Tarot Across the Centuries – Tori Conway

Tarot cards go as far back as the 15th century, perhaps even farther than that.  The earliest known deck to have complete illustrations is the Sola-Busca deck from the 1490s (Gittlen).


(Unknown, 1490)

Tarot back then was used as a trick game and the designs of the cards before then were basic and straightforward, with no elaborate illustrations like the ones we may be used to.  It wasn’t until 1781 that Antoine Court de Gébelin connected the use of tarot with the occult (Gittlen).  At that time the most well-known deck was the Tarot de Marseille made using a woodcut by Nicolas Conver, a French engraver (Topolsky).


(Nicolas Conver, 1760)

Most tarot decks to this point were made in Italy or France.  The first English deck  wasn’t made until 1909, commissioned by Arthur Edward Waite and illustrated by Pamela Colman Smith (Gittlen). Waite had seen the Sola-Busca deck on a visit to the British museum and had been inspired to create his own.  Not only was this the first mass produced English deck, but Waite wanted it to be primarily used for divination, having Smith make the illustrations full of meaning, the look being very reminiscent of the arts and crafts aesthetic (Gittlen).


(Arthur Edward Waite & Pamela Colman Smith, 1909)

First published in England, it was then sold in the United States by U.S. Games Systems Inc, making it the go-to deck for western culture (Gittlen).  Other versions were made here and there, most notably the semi-art deco styled Thoth deck By Frieda Harris, but the real upswing in deck designs didn’t happen until 1968. At this point Frankie Albano reprinted the original Waite-Smith cards in a recoloured version using almost psychedelic hues (Smith).  This inspired numerous reprints and spin-offs, making tarot decks something to be designed and collected.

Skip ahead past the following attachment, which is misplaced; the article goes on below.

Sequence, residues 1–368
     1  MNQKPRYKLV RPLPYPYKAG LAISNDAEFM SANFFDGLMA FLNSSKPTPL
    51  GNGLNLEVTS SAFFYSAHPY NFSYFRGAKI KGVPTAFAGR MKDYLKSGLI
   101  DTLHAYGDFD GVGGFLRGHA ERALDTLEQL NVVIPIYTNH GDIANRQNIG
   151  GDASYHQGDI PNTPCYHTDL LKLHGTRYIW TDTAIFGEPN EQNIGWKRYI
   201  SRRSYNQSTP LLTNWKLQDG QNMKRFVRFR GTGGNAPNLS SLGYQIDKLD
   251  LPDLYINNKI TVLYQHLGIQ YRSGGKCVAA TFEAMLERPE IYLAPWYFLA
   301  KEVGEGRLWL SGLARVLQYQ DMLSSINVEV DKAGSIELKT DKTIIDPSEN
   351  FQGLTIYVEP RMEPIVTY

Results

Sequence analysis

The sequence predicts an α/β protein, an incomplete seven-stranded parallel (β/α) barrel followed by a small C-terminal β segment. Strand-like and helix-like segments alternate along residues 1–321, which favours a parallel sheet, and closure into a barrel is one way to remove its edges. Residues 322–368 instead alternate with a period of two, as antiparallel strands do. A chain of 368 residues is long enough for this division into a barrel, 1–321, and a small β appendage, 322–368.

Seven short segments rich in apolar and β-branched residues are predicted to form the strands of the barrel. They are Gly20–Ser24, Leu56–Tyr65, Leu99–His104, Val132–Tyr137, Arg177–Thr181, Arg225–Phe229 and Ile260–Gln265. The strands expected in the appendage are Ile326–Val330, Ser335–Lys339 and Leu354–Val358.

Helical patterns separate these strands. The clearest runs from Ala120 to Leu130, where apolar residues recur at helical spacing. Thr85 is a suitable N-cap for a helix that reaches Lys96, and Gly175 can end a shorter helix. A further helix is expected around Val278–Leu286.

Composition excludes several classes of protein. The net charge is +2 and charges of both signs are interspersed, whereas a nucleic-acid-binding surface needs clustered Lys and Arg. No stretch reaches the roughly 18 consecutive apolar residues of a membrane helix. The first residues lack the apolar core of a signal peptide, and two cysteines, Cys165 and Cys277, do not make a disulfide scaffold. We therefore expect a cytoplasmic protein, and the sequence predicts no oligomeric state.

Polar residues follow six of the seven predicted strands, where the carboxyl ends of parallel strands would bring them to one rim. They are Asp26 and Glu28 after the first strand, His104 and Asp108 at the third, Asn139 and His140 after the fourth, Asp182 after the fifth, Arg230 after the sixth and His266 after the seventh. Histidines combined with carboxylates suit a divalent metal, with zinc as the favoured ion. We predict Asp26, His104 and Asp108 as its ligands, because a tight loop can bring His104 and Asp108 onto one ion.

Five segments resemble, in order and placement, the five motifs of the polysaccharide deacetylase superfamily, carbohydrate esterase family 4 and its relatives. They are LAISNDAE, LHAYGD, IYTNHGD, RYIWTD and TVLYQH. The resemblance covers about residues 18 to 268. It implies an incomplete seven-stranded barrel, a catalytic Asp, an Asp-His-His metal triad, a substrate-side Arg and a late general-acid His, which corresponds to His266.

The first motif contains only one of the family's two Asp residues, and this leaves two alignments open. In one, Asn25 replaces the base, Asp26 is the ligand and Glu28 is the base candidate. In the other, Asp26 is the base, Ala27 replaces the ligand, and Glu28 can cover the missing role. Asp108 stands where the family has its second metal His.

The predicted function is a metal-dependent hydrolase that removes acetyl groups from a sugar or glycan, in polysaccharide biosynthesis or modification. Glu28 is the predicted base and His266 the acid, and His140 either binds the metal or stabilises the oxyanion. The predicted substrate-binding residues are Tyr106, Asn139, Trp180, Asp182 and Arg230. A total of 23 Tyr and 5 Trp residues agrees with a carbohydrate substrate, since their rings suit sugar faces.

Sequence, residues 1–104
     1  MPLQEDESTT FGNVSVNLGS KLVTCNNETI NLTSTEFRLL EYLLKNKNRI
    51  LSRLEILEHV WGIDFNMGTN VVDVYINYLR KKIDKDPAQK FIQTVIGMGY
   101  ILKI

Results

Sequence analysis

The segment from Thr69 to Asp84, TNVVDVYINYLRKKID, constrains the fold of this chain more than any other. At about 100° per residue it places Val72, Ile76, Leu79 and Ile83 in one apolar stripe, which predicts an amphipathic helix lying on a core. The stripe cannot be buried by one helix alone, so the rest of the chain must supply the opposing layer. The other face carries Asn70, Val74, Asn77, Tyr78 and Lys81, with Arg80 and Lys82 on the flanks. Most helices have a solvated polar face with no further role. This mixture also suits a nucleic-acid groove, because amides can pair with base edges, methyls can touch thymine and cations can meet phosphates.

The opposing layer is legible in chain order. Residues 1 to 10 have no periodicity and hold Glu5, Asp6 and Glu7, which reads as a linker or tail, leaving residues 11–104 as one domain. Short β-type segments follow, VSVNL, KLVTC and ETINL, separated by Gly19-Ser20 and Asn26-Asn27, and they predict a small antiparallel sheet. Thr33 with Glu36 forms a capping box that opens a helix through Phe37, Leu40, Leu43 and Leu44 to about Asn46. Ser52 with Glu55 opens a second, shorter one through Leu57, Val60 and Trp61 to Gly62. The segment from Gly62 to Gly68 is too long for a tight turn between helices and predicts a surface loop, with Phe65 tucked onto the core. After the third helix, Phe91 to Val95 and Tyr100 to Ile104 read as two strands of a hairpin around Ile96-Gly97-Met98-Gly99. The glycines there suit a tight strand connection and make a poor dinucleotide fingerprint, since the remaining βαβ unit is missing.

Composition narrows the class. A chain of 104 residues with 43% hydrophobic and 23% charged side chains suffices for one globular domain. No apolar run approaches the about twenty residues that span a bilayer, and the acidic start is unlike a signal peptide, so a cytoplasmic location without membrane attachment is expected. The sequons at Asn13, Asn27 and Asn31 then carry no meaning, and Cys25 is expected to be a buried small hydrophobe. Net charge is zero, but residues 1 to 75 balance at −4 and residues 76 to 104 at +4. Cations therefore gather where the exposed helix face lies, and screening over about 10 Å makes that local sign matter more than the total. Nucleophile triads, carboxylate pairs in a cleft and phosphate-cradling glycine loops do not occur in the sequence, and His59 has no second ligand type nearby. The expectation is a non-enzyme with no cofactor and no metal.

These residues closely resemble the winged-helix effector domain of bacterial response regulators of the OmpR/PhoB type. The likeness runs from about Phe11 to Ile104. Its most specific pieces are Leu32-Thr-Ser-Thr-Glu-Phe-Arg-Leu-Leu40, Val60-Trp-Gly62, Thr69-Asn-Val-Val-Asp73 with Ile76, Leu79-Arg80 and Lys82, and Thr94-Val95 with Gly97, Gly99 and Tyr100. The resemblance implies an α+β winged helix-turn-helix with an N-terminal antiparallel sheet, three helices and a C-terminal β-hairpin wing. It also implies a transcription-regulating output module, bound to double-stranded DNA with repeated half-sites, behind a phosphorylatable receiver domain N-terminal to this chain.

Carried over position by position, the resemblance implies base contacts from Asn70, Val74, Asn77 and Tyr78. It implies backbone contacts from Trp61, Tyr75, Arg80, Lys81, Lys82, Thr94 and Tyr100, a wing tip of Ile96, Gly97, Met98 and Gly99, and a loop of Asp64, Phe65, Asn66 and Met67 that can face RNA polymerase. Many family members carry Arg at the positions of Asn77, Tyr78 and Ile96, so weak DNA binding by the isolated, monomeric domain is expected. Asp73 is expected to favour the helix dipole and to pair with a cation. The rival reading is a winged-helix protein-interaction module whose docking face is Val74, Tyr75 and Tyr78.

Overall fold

(Frieda Harris, 1940)

Today there are hundreds of different designs using a variety of ways to get across the meaning of each card.  Most cards still contain an illustration with the name and number of the card incorporated into the design.  The 2016 Dreslyn deck by Kati Forner is a stark contrast to the original Waite-Smith deck or even the Tarot de Marseille’s woodcut design.  Commissioned for an L.A. fashion designer, Forner’s deck relies on simple shapes and lines to portray the cards deeper meanings.  A prime example would be the death card. In Waite-Smith’s original deck, the card depicts an armored skeleton on horseback holding up a black flag adorned with a flower.  The word death is written underneath in a bold font, the number incorporated into the flag.


(Arthur Edward Waite & Pamela Colman Smith, 1909)

Forner, instead of using the typical illustrative symbolism used in previous card designs, simply printed the card entirely in black with the word death  written in a small white font at the bottom. A large contrast with the rest of the deck which are printed in white.


(Kati Forner, 2016)

Both of these cards clearly portray the theme of death despite the fact that each were designed 107 years apart.  Perhaps that is the impressive nature of tarot designs.  To be able to portray the same themes in numerous ways over hundreds of years, each very different from the other.




Gittlen, Ariela. “The Radical, 600 Year Evolution of Tarot Card Art.” 28 July 2017. Artsy. 15 January 2020. <https://www.artsy.net/article/artsy-editorial-radical-600-year-evolution-tarot-card-art>.

Smith, Sherryl E. “Tarot for the Masses, Mid-20th Century.” n.d. Tarot Heritage. 15 January 2020. <https://tarot-heritage.com/history-4/tarot-for-the-masses-mid-20th-century/>.

Topolsky, Laura June. “The Deck of Cards That MAde Tarot a Global Phenomenon.” 10 July 2015. Atlas Obscura. 15 January 2020. <https://www.atlasobscura.com/articles/the-deck-of-cards-that-made-tarot-a-global-phenomenon>.


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